Assessment of American Indian, Alaska Native and Native Hawaiian Housing Needs. The U.S. Department of Housing and Urban Development has contracted with the Urban Institute and its partners, among them NORC at the University of Chicago, to conduct an assessment of housing needs in tribal areas in the United States.  More

Descriptive Study of the Coordination of Tribal TANF and Child Welfare Services. ​In 2011, the Office of Family Assistance (OFA), Administration for Children and Families (ACF) awarded grants to 14 tribes and tribal organizations to coordinate tribal TANF and child welfare services to address family risk factors for child abuse and neglect. The grantees agreed to participate in a study as a condition of the grant award. The Study of Coordination of Tribal TANF and Child Welfare Services is sponsored by ACF's Office of Planning, Research and Evaluation. James Bell Associates is the lead entity on the project; NORC at the University of Chicago and the Center for American Indian and Alaska Native Health at the University of Colorado at Denver are project partners.  The goal of this three year study is to document the ways in which the tribal grantees are creating and adapting culturally relevant and appropriate approaches, systems, and programs to increase coordination and enhance service delivery to address child abuse and neglect. More

Food Assistance During and After the Great Recession in Metropolitan Detroit. Food Assistance During and After the Great Recession in Metropolitan Detroit will use unique panel survey data from a representative sample of working-age adults in the Detroit Metropolitan Area to explore three research questions related to the receipt of SNAP among low-income households: How have low-income families in the Detroit Metropolitan Area bundled SNAP with other types of public assistance, help from charitable nonprofits, and informal social support in the wake of the Great Recession? When controlling for economic shocks and respondent characteristics, to what extent is access to local food assistance resources related to receipt of SNAP assistance? How are receipt of SNAP assistance and economic shocks related to household food shopping behaviors, food security, and financial hardship? More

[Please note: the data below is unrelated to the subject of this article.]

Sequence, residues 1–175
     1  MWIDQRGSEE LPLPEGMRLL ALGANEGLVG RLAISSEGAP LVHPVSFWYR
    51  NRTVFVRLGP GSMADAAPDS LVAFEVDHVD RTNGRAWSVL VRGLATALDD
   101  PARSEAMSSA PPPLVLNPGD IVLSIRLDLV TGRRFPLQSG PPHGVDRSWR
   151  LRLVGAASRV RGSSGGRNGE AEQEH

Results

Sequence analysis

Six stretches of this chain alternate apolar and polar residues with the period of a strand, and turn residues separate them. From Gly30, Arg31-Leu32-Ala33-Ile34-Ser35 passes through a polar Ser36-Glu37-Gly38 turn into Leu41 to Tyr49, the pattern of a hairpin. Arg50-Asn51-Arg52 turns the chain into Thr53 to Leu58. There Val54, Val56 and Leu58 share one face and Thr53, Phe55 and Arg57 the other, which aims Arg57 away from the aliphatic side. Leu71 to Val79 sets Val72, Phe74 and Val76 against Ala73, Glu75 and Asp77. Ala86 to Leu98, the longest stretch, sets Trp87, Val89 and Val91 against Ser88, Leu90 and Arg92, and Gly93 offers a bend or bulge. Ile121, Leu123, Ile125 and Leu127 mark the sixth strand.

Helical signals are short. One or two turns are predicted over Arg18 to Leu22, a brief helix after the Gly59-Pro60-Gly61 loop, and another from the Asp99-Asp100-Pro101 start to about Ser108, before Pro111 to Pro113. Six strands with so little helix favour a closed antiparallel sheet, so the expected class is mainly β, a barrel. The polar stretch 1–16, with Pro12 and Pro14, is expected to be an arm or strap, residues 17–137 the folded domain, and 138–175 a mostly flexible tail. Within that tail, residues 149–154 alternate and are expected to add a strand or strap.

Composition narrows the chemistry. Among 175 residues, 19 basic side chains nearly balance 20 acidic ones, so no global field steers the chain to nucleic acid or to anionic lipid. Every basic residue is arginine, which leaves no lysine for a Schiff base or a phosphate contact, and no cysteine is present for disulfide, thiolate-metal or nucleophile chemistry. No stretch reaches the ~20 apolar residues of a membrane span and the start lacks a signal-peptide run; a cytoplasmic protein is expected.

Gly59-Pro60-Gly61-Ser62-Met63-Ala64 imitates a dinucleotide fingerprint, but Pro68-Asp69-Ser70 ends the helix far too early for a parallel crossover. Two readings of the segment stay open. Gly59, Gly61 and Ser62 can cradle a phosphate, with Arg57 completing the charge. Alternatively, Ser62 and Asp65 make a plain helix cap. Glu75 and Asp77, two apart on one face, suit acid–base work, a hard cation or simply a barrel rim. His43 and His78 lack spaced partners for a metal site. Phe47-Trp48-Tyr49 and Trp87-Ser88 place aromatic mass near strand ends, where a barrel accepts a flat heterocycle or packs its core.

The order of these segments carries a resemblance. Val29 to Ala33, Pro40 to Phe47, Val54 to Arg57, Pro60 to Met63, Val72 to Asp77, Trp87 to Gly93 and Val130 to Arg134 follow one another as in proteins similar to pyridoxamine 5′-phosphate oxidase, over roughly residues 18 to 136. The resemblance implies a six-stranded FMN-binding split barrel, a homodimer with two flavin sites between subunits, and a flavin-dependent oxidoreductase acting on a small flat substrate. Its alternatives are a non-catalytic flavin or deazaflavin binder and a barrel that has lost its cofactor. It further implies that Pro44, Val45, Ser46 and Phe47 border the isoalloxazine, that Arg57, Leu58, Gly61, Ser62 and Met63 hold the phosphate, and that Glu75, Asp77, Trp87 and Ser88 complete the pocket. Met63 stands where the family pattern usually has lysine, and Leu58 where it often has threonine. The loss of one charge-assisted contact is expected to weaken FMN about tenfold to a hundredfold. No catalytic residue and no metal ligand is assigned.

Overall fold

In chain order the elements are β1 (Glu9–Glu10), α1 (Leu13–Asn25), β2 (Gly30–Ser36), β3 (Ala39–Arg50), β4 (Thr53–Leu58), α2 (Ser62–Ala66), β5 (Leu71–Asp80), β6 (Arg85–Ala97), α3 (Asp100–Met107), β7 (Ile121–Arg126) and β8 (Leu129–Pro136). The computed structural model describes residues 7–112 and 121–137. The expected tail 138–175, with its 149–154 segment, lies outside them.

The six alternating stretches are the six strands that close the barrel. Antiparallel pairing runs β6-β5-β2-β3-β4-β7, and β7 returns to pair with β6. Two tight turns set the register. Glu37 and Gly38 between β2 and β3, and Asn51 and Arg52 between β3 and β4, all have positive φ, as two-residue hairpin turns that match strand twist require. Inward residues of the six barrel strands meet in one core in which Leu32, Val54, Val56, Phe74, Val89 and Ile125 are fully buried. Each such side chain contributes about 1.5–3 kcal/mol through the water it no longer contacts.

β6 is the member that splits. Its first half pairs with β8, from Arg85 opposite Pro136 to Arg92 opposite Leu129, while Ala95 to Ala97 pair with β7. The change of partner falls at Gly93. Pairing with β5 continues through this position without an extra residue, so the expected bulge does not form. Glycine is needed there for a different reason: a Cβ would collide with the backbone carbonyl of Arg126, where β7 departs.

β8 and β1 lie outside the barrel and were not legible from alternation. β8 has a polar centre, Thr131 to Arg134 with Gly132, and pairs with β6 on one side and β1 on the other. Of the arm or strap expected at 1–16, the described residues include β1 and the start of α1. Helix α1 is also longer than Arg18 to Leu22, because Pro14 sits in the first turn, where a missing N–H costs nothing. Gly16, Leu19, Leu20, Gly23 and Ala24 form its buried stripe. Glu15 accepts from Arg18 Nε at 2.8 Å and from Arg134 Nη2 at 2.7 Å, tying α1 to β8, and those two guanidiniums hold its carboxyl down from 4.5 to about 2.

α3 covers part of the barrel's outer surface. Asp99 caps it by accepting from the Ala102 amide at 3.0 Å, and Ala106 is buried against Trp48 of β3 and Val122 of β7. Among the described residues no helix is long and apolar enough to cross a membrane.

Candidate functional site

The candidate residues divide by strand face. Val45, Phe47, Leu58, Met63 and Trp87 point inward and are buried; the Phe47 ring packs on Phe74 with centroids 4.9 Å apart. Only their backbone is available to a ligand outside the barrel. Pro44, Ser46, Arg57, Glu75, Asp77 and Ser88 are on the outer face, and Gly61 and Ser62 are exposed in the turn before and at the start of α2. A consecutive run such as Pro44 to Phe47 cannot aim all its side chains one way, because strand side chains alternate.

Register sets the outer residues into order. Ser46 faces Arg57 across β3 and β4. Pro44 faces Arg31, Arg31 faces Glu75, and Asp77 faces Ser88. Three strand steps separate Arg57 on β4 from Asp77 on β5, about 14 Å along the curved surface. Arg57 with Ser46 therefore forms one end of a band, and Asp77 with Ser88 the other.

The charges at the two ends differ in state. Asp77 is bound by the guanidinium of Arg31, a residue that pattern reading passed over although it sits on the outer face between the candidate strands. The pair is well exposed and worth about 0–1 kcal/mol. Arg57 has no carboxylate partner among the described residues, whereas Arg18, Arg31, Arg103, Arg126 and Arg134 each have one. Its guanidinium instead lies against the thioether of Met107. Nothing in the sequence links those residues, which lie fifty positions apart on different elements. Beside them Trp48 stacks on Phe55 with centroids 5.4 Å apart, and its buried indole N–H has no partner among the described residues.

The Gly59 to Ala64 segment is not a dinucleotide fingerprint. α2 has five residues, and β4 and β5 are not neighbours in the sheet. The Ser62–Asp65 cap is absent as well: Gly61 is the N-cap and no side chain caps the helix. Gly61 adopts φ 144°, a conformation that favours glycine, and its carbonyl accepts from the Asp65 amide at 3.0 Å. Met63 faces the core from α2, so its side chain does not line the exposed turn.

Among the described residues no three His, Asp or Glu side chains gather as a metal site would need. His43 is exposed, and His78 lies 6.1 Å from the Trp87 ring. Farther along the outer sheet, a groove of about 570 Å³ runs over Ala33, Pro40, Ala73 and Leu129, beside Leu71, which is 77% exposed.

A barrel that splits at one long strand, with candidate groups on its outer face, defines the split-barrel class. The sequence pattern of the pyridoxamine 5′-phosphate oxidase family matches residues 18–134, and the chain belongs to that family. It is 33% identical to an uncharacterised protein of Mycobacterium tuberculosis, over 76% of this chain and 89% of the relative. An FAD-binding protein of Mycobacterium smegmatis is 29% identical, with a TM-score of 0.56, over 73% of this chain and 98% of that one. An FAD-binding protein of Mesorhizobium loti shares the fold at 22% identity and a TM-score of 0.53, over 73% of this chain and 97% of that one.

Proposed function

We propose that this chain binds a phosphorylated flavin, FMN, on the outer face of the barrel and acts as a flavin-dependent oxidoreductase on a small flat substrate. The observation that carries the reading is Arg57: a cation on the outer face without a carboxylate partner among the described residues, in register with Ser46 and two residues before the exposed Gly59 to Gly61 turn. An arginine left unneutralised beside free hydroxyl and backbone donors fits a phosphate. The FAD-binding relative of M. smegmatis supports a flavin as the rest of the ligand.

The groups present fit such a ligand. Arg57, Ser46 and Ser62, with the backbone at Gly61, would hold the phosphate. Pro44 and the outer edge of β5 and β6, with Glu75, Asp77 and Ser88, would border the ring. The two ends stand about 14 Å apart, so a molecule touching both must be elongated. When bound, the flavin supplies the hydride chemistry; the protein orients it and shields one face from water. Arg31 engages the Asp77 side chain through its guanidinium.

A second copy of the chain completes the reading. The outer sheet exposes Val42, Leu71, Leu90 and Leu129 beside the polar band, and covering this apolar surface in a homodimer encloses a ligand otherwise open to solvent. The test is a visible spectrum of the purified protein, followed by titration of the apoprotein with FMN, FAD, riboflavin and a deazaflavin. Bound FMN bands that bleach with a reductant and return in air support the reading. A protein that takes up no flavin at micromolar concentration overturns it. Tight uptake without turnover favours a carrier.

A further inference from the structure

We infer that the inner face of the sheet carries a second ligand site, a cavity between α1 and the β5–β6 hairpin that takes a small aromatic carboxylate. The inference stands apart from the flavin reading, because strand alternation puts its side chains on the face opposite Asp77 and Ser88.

Impact Evaluation of Development Programs in Lesotho. NORC is conducting impact evaluations for the Millennium Challenge Corporation under the Millenium Challenge Account program in Lesotho: Health Centers Activity; Anti-Retroviral Therapy Clinics Activity ;  Rural Water Activity; and Urban Water Activity. More

Making Connections. The Making Connections survey, launched in ten poor urban communities, examines mobility, social capital, neighborhoods, resident participation, economic hardship, the availability and utilization of services, and child and adolescent well-being. More

See all Poverty projects

Headlines

News Gawker.com: The great recession, our economy, and what the GSS data on how Americans identify their class More
Posted: 9.24.2013 4:32PM
News Los Angeles Times: GSS data quoted on economic inequality in U.S. More
Posted: 9.24.2013 4:22PM
News The New York Times: Asking if money can still buy happiness, with GSS data More
Posted: 9.21.2012 4:32PM
News The Chicago Tribune: Considering welfare, aiding the poor, and politics with insight from NORC's Tom W. Smith More
Posted: 1.23.2012 2:33PM

Contacts

Chet Bowie

(301) 634-9334

Jeffrey Hackett

(312) 759-4266

Jeffrey Telgarsky

(301) 634-9413